Please use this identifier to cite or link to this item: http://hdl.handle.net/2440/17231
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Type: Journal article
Title: Chronic maternal feed restriction impairs growth but increases adiposity of the fetal guinea pig
Author: Kind, K.
Roberts, C.
Sohlstrom, A.
Katsman, A.
Clifton, P.
Robinson, J.
Owens, J.
Citation: American Journal of Physiology-Regulatory Integrative and Comparative Physiology, 2005; 288(1):R119-R126
Publisher: Amer Physiological Soc
Issue Date: 2005
ISSN: 0363-6119
1522-1490
Statement of
Responsibility: 
Karen L. Kind, Claire T. Roberts, Annica I. Sohlstrom, Arkadi Katsman, Peter M. Clifton, Jeffrey S. Robinson, and Julie A. Owens
Abstract: Small size at birth has been associated with an increased risk of central obesity and reduced lean body mass in adult life. This study investigated the time of onset of prenatally induced obesity, which occurs after maternal feed restriction, in the guinea pig, a species that, like the human, develops substantial adipose tissue stores before birth. We examined the effect of maternal feed restriction [70% ad libitum intake from 4 wk before to midpregnancy, then 90% until day 60 gestation (term ~69 days)] on fetal growth and body composition in the guinea pig. Maternal feed restriction reduced fetal (–39%) and placental (–30%) weight at 60 days gestation and reduced liver, biceps muscle, spleen, and thymus weights, relative to fetal weight, while relative weights of brain, lungs, and interscapular and retroperitoneal fat pads were increased. In the interscapular depot, maternal feed restriction decreased the volume density of multilocular fat and increased that of unilocular fat, resulting in an increased relative weight of interscapular unilocular fat. Maternal feed restriction did not alter the relative weight of perirenal fat or the volume density of adipocyte populations within the depot but increased unilocular lipid locule size. Maternal feed restriction in the guinea pig is associated with decreased weight of major organs, including liver and skeletal muscle, but increased adiposity of the fetus, with relative sparing of unilocular adipose tissue. If this early-onset obesity persists, it may contribute to the metabolic and cardiovascular dysfunction that these offspring of feed-restricted mothers develop as adults.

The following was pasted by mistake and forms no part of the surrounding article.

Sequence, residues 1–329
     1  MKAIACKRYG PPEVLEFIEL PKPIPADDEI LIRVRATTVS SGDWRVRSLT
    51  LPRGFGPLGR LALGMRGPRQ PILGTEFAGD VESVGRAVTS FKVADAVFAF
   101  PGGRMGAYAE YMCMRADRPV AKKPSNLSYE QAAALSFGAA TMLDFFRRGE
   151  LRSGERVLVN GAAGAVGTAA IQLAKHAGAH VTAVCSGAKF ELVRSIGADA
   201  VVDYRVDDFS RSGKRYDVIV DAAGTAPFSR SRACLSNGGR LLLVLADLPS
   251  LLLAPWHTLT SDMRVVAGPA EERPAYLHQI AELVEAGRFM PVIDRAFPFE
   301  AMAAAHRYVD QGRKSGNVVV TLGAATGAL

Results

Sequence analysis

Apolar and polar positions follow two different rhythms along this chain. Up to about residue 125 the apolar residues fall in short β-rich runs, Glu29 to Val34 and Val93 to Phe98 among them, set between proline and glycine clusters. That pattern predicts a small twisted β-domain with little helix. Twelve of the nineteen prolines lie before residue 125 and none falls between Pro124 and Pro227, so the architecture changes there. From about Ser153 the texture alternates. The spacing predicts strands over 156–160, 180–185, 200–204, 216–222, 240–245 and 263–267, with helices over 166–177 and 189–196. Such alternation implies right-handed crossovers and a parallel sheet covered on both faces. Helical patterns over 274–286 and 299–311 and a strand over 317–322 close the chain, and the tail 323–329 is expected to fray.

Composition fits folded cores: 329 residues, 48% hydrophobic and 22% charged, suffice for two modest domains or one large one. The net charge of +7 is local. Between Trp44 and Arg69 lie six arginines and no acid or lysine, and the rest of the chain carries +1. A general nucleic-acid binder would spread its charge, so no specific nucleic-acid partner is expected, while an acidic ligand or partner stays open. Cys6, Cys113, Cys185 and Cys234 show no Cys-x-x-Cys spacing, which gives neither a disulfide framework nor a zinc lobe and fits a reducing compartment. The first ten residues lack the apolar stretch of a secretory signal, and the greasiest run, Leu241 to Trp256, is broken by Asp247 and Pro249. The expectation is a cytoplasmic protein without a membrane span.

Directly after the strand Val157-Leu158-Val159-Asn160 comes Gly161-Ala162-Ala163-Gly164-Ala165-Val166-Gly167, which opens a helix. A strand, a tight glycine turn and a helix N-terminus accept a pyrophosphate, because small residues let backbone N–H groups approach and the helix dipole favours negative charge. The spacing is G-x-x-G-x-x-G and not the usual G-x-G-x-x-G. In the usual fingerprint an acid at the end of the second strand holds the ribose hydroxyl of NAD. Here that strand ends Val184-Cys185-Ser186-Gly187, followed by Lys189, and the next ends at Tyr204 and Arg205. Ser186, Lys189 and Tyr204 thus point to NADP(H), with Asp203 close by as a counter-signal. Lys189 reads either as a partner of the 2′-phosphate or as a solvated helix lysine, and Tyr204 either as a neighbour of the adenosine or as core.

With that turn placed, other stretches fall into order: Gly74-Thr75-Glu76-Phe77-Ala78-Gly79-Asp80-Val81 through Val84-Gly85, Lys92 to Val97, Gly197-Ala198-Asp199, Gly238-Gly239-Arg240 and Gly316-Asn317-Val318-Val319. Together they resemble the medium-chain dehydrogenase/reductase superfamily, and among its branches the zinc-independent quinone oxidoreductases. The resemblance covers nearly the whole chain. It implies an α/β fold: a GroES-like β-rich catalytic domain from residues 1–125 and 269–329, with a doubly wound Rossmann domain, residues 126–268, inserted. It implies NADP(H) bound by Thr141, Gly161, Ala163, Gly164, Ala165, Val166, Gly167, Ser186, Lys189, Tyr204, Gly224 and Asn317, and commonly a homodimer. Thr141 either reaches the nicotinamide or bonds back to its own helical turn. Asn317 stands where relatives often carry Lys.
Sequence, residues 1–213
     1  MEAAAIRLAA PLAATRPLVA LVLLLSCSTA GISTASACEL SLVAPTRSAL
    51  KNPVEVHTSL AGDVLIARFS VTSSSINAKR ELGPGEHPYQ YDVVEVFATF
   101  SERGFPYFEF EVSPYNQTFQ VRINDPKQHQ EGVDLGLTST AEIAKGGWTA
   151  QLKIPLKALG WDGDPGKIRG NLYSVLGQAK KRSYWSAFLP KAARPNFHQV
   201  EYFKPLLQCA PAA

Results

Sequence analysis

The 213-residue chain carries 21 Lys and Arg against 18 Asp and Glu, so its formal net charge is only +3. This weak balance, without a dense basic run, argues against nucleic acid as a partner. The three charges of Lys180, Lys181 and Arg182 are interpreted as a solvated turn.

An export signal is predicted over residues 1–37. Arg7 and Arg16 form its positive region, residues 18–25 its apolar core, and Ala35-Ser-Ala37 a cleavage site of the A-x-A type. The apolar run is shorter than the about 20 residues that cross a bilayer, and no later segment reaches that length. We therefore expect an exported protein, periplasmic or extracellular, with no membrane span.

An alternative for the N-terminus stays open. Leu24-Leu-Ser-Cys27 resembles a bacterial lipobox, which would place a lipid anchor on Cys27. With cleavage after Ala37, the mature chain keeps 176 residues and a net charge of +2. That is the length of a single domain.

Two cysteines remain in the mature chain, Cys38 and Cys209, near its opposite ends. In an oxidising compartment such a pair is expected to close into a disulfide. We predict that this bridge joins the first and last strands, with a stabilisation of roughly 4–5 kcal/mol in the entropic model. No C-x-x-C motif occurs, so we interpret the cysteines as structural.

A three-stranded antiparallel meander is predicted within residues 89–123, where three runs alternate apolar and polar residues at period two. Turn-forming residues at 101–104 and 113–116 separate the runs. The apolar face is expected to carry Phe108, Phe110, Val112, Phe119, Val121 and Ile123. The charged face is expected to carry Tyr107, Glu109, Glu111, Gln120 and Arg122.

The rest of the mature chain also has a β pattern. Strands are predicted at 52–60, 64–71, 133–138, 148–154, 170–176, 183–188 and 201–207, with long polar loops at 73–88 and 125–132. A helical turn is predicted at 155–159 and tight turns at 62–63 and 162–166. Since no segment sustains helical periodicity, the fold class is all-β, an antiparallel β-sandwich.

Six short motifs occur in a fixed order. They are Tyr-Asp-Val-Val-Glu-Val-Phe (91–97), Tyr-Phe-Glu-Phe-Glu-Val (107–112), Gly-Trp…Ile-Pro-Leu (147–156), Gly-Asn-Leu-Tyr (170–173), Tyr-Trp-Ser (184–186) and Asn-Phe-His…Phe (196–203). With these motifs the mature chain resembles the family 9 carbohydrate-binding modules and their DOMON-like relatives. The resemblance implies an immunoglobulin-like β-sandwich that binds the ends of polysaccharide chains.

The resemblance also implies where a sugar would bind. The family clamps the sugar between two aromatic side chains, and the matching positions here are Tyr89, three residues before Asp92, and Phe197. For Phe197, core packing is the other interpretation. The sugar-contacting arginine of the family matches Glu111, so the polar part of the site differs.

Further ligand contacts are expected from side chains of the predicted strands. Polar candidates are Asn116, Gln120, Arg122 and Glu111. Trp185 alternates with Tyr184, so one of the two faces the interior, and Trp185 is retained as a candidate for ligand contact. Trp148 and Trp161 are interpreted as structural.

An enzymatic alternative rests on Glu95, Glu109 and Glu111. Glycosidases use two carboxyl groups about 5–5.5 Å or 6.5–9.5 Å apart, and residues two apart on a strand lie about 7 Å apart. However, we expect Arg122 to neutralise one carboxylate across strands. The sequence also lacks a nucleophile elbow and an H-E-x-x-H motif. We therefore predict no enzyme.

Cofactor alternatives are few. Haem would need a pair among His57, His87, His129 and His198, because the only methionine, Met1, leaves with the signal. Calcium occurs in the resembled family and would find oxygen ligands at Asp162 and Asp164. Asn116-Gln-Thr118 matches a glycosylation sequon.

Keywords: Pregnancy; adipose tissue; fetus
Description: Copyright © 2005 by the American Physiological Society
RMID: 0020050040
DOI: 10.1152/ajpregu.00360.2004
Published version: http://ajpregu.physiology.org/cgi/content/abstract/288/1/R119
Appears in Collections:Obstetrics and Gynaecology publications
Agriculture, Food and Wine publications

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